Speaking of democracy, the mainstream media, in fact, most media today have failed to chronicle what is happening in South Africa.  A friend of mine sent me the following article that opened my eyes to an impending tragedy that I was unaware of.  The article was written by Robin Smith and can be found at:  let me quote a few paragraphs from this article.  "It's South African President Cyril Ramaphosa, working with the communist African National Congress, who is proposing changes to that nation's constitution to take land from white farmers.  Those farmers are the descendants of the European colonists who first settled the region and fought subsequent battles for the geographically favorable land at the southern-most tip of the African continent.  Ramaphosa is working to collectivize and control the country's farming infrastructure.

"But why?  Why would a nation ranked 77th in the world by The Heritage Foundation's 2018 Index of Economic Freedom, with relatively positive commentary about the improved investments and reduction in tax burdens and trade barriers, seek to turn an entire sector of its economy into a state-controlled industry by the confiscation of private property to be reassigned to other owners?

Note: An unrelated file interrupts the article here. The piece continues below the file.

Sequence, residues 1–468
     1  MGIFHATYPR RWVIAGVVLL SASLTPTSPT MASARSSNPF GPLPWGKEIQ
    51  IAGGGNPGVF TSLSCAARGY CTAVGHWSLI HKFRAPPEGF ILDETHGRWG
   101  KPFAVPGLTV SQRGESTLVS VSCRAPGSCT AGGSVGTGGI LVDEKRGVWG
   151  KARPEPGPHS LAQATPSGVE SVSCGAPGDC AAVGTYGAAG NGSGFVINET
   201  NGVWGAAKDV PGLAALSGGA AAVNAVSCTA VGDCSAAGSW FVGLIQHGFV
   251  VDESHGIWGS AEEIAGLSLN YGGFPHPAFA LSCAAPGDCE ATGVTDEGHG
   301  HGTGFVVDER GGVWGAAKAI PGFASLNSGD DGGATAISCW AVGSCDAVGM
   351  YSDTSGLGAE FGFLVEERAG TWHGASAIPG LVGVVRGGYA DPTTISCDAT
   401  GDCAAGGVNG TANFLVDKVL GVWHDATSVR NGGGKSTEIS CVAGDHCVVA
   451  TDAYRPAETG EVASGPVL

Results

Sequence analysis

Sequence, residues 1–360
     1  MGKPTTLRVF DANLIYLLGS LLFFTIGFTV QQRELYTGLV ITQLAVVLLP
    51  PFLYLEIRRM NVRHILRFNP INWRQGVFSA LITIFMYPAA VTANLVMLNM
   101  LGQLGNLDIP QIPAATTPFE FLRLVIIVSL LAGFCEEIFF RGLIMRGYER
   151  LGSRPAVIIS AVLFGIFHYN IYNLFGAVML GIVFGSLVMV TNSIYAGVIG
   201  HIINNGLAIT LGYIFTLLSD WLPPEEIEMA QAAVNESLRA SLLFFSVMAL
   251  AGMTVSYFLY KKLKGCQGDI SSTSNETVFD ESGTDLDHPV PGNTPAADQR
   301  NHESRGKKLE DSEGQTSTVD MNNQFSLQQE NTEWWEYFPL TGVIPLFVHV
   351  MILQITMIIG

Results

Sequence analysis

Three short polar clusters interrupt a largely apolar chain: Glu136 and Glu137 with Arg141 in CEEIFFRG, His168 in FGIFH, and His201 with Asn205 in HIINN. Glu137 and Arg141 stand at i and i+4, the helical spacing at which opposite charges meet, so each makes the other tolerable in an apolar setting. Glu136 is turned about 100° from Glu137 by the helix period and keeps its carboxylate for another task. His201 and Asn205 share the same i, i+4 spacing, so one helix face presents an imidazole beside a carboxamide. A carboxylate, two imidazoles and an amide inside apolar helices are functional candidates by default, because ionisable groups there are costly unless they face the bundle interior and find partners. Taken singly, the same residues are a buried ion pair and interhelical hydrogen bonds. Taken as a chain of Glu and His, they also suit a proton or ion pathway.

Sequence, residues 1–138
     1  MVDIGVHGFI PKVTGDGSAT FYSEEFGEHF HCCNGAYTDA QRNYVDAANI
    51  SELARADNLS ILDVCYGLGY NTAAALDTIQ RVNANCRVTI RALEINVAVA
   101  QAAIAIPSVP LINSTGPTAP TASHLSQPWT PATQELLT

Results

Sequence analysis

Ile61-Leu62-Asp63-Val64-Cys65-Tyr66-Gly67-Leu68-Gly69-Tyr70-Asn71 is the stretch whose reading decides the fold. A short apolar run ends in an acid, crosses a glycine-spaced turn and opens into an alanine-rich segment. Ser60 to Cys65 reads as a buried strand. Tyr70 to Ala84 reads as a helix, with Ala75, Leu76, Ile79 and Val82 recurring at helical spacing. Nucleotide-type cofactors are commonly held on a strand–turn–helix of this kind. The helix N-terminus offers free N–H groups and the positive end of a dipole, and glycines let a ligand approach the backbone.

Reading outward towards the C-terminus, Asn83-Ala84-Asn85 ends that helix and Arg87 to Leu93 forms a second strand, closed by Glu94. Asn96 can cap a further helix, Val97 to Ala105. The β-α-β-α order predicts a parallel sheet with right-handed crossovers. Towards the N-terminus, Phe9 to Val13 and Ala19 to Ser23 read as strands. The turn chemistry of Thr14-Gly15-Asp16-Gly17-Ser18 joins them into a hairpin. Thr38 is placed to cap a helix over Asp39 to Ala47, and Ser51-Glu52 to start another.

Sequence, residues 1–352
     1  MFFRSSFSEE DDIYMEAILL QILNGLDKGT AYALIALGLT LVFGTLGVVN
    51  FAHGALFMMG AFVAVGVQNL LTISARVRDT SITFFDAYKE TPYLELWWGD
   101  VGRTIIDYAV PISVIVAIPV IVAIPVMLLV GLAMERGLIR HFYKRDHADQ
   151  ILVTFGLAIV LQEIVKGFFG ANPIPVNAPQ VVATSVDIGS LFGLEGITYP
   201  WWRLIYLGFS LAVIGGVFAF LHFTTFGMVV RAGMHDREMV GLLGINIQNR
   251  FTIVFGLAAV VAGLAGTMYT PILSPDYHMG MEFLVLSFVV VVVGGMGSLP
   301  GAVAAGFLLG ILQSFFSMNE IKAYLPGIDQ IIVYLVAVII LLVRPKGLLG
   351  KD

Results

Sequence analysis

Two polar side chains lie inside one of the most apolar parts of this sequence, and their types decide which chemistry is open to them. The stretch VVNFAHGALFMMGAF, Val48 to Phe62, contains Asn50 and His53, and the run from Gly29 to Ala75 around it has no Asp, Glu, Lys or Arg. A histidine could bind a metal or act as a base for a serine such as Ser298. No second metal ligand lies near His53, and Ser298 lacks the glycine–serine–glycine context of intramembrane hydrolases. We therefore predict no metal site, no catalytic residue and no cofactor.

"In the name of social justice, the president of a nation with a very high unemployment rate of over 25% has determined that the remedy to its out-of-work blacks (almost 30%) is to change its 'laws' to permit the theft of legally possessed land of white farmers to redistribute the possession to nonwhite citizens.  And, you might be asking, what crime has the white citizen population committed that has been supported by evidence and convicted in a court of law to have such restitution enforced as part of an act of justice?  Good question.

"Has this ever occurred?  Surely, such tyrannical behavior has no place in modern-day history!  Well, um, South Africa's neighbor had its own 'Land Reform' back in 1980 and it kinda didn't work out so well.  Zimbabwe, as described by Wikipedia, engaged in 'an effort to more equitably distribute land between black subsistence farmers and white Zimbabweans of European ancestry ... to alter the ethnic balance of land ownership.'  From its beginnings, the program paid white farmers of European descent for their land.  When this money ran out, the Zimbabwe government engaged in a 'fast track' program to take the properties with no compensation.  Not only were political structures shaken, the banking system was rocked with violence spurred by the natural conflict of government-sanctioned theft.  That was followed by food shortages and two decades of economic loss, all in the name of some manufactured social justice."